Early Mobility

Nurse-Led Vertical Mobility: Facilitating Optimal Patient Recovery

The negative effects of immobility are well documented. Immobility can have adverse consequences on various aspects of health, both short term and for years after hospital discharge. Immobility leads to the loss of muscle mass and strength. Muscle atrophy is one significant and commonly occurring negative consequence of immobility. Moreover, immobility affects cellular activity, leading to physical dysfunction. In the critical care setting, immobility can contribute to ICU-acquired weakness and prolonged ventilation, resulting in longer ICU length of stay and lingering complications far beyond hospital discharge.

The benefits of mobility are also well documented. Early mobilization can improve or maintain muscle strength, reduce the duration of mechanical ventilation, and improve quality of life. Early mobility is associated with low adverse events related to patient outcomes. Early mobility is not only tied to improved physical outcomes but also to improved financial outcomes.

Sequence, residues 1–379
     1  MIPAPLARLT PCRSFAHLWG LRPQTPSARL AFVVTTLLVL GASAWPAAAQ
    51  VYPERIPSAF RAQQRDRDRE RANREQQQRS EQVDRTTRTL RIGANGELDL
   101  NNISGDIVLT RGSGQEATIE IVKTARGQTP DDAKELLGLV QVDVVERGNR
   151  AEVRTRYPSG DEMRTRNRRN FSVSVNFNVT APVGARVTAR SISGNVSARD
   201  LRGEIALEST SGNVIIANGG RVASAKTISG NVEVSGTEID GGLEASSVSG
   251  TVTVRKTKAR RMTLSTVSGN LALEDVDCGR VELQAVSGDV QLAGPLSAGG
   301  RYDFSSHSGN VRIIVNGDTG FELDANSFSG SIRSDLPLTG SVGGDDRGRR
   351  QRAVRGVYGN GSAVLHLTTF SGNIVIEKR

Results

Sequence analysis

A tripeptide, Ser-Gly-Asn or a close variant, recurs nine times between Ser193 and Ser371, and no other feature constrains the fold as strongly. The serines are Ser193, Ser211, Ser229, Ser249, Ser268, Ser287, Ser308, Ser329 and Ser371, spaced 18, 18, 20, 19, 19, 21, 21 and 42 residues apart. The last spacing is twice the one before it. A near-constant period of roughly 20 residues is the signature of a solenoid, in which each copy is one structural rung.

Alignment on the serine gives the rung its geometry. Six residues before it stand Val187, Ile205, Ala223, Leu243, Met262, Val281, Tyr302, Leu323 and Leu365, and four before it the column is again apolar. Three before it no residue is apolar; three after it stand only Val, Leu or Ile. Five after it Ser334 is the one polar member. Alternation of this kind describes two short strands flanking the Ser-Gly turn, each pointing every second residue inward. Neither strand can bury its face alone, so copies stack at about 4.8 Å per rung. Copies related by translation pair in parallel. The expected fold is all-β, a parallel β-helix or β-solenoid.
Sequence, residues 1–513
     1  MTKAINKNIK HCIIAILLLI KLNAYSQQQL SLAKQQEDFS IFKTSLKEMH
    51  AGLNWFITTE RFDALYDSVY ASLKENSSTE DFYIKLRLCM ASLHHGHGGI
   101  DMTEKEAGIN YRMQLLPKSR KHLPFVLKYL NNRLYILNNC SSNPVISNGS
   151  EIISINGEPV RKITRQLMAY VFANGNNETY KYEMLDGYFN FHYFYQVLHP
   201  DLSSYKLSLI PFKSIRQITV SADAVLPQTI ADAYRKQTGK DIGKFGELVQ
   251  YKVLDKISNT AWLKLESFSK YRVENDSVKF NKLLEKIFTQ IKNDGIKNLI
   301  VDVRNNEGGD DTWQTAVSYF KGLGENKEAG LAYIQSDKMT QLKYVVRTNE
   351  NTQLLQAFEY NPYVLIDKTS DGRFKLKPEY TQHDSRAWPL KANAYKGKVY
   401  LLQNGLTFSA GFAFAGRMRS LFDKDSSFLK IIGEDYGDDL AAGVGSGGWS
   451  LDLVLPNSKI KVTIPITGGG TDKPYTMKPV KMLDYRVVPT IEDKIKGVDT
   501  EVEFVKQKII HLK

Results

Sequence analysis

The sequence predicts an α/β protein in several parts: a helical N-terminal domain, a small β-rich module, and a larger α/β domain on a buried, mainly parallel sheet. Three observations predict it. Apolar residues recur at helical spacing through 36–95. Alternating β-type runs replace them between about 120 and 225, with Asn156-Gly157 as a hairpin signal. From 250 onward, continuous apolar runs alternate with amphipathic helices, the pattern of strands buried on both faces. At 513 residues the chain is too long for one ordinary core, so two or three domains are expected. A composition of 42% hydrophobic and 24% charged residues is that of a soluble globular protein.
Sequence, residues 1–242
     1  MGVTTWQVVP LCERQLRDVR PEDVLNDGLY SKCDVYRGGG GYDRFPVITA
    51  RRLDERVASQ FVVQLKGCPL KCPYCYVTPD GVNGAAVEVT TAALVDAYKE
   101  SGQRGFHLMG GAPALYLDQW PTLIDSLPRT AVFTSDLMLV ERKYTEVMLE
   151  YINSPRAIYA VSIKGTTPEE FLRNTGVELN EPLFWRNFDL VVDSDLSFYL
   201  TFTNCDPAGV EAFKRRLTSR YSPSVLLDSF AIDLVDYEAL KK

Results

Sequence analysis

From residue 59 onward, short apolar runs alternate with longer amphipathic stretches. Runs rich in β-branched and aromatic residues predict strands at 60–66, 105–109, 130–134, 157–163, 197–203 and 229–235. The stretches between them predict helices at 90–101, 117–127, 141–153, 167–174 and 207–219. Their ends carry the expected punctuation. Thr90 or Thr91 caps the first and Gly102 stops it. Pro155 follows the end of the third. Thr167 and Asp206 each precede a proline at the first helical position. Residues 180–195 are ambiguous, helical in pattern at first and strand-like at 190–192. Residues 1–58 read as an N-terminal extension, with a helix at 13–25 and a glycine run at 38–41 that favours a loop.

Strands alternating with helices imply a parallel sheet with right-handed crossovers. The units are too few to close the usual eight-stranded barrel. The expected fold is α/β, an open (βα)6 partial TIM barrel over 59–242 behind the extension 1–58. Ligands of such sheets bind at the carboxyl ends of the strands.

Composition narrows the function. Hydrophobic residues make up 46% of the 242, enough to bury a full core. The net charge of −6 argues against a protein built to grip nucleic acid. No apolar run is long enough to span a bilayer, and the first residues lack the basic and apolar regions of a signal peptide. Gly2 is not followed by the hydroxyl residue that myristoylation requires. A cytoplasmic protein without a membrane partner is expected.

Mobilizing all patients

The human body is designed to move. So, why are patients not mobilized early and often in the hospital? Keeping the patient’s mobility level as close as possible to their prehospitalization level is key to preventing long hospital stays and optimizing outcomes.

How to mobilize

Many studies suggest which patients should be mobilized and when to do so, but very few studies suggest how to mobilize them. This situation is mostly because each patient has different disease processes, and stability looks different in each situation. Moving some patients safely may pose challenges due to multiple lines, machines and/or a patient’s weight.

How can nurses safely mobilize while minimizing injury risks? Verticalization. Verticalizing patients allows the patient and clinician to mobilize safely. If the patient has a negative response during the verticalization session, the clinician simply moves the bed back to a lower tilted angle.

What is verticalization?